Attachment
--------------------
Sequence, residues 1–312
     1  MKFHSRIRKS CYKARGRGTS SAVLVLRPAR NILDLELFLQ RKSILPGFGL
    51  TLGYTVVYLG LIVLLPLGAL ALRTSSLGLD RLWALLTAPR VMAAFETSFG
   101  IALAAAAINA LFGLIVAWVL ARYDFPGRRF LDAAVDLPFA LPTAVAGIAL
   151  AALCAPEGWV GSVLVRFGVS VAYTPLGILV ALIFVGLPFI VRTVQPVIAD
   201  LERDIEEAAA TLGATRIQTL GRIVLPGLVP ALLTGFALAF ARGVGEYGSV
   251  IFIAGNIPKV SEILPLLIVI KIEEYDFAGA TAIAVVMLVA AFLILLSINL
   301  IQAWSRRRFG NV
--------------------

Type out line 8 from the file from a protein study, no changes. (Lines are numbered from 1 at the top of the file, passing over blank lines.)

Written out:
   301  IQAWSRRRFG NV